• 4 Jun. John Wagner was interviewed by Scottish newspaper The Herald about the upcoming re-release of Bogie Man omnibus and mentioned the TV adaptation, saying: "It’s on YouTube if you want to see it but I would recommend you don’t. The writer twisted the plot around so that nothing made sense, and he did put all our jokes in but in the wrong place.
  • 30 May. The Essential Neil Gaiman: a guide to Gaiman's best books. "Gaiman’s run as the writer of “The Sandman” from 1989 to 1996 shows off his storytelling chops as he reboots a mostly forgettable character from the DC Comics universe into the ethereal Dream (also known as Morpheus), a brooding godlike being who rules the somnolent realm of fantasies and fears."
  • 26 May. Regular Commando cover artist Keith Burns has illustrated a history of World War 2 written by historian James Holland. They are interviewed at the History First website. "I had found myself in a strange niche where I specialised in World War Two aviation stories so I could do all the aircraft, no problem, and most of the other hardware."
  • 26 May. Emanata Studios launches a short film today based on the Beano character Calamity James. The comedy stars Mark Bonnar and is being hosted by the BBC iPlayer before being shown on BBC3. According to John Freeman, "We’ve been lucky enough to have a sneak peek – and while it’s very different to reading the strip in Beano, it’s very funny, as poor Calamity’s woes get ever worse!"
  • 19 May, ComicScene Magazine is returning—with your support on Kickstarter! You can now join the pre-launch page to register your interest. The Kickstarter starts Tuesday 23rd May at 4pm (BST) and ends 9pm on Thursday 29th June."
  • 14 May. The late Carlos Ezquerra is to have a street named after him in his home town of Zaragoza, Spain. His wife, Sandra, posted on Facebook: "This recognition means a lot to my family, friends and fans and I am sure I speak for all of them when I say that we are deeply touched and grateful for this very special tribute. It is a fitting finale to his entire career in the world of comics."
  • 14 May.  Chloe Maveal interviews Glenn Fabry over at The Gutter Review. "So Garth said ... “I don’t like this cover artist. You should use Glenn Fabry.” And Karen Berger said, “Glenn Fabry is a terrible drunk! You can’t use Glenn Fabry! He won’t be able to get anything done on time! He’ll be just pissed out of his head and rolling around on the floor vomiting!”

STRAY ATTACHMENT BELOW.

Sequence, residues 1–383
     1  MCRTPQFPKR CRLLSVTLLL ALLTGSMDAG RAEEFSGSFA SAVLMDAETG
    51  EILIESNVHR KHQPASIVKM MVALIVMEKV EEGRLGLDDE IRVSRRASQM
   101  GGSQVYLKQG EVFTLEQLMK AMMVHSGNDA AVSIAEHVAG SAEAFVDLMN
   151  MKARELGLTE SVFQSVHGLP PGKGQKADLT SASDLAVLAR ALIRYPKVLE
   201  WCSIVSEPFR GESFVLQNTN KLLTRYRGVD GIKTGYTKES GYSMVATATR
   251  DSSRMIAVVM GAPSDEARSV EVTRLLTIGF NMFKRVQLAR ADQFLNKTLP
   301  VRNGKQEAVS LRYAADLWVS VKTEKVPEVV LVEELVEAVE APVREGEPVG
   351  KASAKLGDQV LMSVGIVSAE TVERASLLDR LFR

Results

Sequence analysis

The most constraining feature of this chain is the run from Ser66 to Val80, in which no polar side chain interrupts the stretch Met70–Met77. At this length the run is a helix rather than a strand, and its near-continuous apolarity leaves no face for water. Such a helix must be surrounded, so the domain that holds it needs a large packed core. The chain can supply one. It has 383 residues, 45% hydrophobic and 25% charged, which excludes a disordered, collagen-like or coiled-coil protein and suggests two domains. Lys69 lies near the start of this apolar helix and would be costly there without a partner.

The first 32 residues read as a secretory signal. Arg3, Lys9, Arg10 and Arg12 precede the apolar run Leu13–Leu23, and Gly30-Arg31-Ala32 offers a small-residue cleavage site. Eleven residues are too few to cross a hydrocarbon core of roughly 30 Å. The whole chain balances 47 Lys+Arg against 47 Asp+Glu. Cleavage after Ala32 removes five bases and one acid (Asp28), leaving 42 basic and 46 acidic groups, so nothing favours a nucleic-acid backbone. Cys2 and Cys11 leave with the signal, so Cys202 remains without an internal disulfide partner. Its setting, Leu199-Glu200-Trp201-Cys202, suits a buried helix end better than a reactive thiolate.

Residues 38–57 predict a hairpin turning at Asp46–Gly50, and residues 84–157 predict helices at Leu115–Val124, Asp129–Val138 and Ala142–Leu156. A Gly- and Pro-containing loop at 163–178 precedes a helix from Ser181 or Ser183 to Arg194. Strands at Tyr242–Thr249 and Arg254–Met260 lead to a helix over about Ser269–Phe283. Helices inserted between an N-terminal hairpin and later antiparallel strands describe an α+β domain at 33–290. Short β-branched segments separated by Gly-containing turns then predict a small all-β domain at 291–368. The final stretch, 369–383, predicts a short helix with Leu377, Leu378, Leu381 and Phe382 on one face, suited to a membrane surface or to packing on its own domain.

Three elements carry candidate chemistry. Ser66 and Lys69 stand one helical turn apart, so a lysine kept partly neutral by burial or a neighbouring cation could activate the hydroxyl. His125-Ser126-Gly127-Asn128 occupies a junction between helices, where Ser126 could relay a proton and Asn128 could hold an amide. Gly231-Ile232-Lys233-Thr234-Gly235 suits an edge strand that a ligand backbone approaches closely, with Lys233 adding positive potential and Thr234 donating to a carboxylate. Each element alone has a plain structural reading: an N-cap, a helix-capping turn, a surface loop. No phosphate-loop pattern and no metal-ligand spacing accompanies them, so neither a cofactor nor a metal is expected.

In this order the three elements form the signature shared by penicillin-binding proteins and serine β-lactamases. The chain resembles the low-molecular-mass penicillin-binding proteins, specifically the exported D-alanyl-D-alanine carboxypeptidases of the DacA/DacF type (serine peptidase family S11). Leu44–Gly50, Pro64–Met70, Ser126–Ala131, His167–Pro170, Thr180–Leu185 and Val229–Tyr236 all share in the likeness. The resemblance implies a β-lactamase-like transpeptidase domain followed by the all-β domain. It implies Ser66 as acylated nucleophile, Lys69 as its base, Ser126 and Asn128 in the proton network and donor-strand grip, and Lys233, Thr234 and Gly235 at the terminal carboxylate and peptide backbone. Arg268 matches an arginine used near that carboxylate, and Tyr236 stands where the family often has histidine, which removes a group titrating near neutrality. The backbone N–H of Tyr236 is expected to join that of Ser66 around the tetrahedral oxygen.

• 11 May. The Cartoon Museum won the Museums & Heritage Award for Community Engagement - specifically, the work they have been doing with autistic kids and their families. Steve Marchant made the announcement on Facebook.
  • 9 May. The Kickstarter to publish Ian Gibson's new graphic novel Lifeboat smashed through it's £4,000 target in 12 minutes and hit £10,000 in just over 24 hours.
  • 8 May. Titan Comics are to publish three graphic novels printing previously unpublished material based on Matt Groening's Disenchantment Netflix series. "In 2019, Groening announced he had formed a new publisher, Bapper Books, and the first two Disenchantment comics were released as a San Diego Comic-Con exclusive under that imprint. Although 17 issues, over 500 pages, were created, the rest of the comics were never released."
  • 8 May. Guardian cartoonist Martin Rowson has had to apologise over a cartoon published by the paper which was subsequently removed from online. The paper's 'Corrections and Clarifications' column noted: " A cartoon (published in the newspaper on 29 April 2023, and online the day before) about the resignation of the BBC chairman, Richard Sharp, did not meet our editorial standards, and we decided to remove it from our website. The Guardian apologises to Mr Sharp, to the Jewish community and to anyone offended."
        Rowson wrote; On Saturday 29th April 2023 The Guardian published a cartoon of mine about Richard Sharp’s resignation as Chairman of the BBC, the top news item the previous day. The main focus of the cartoon was Boris Johnson sitting naked on top of a dungheap holding bags full of dollars, with various wheeliebins around its base, labelled “Patrons”, “Friends”, “Families” and so on. Johnson was saying to Sharp, as the latter was leaving the dilapidated and clearly fire damaged room they were in, “Cheer up, matey! I put you down for a peerage in my Resignation Honours List!”
        I think the purpose of the cartoon was fairly obvious - Johnson’s blithe toxicity by association, and how Sharp was the latest bit of blowback from the former Prime Minister’s
    casual if all consuming sleaziness and selfishness. None of that, however, seems to have fuelled the furious response to the cartoon. That was all down to how I depicted Richard Sharp."
  • 5 May. Interview: Mike Moorcock, whose Multiverse series from 1997 is being reprinted by Titan in two volumes, the first landing in August. (video, 1hr 2m)
  • 3 May.  Steve Pugh talks about his latest work from DC Comics, Peacemaker Tries Hard. "For artists, those types of characters are just great to work on. They throw big shapes, crash through stuff, and yell a lot. Big action scenes with characters like Peacemaker are awesome to create, showing lots of chaos."
  • 29 Apr. David Roach gave a talk on girls' comics and his new book, A Very British Affair, at the Cartoon Art Museum on Thursday, April 27. Richard Sheaf reports: David talked for an hour, with only the occasional interjection from the host, Rebellion’s Michael Molcher, regaling his audience with his knowledge of, and love for this much overlooked part of British comics history."
  • 21 Apr. Garth Ennis describes his new modern horror series The Ribbon Queen with AWA Studios, which will be in shops on July 26, 2023. "Ancient horror loose in New York." (video, 1m)
  • 20 Apr. Dark Horse are to publish a comprehensive slipcased two-volume, 600-page collection of the works of Dave McKean. The title will be Thalamus: The Art of Dave McKean (presumably referring to the thalamus located in the middle of the brain) and it will be available from 29 November.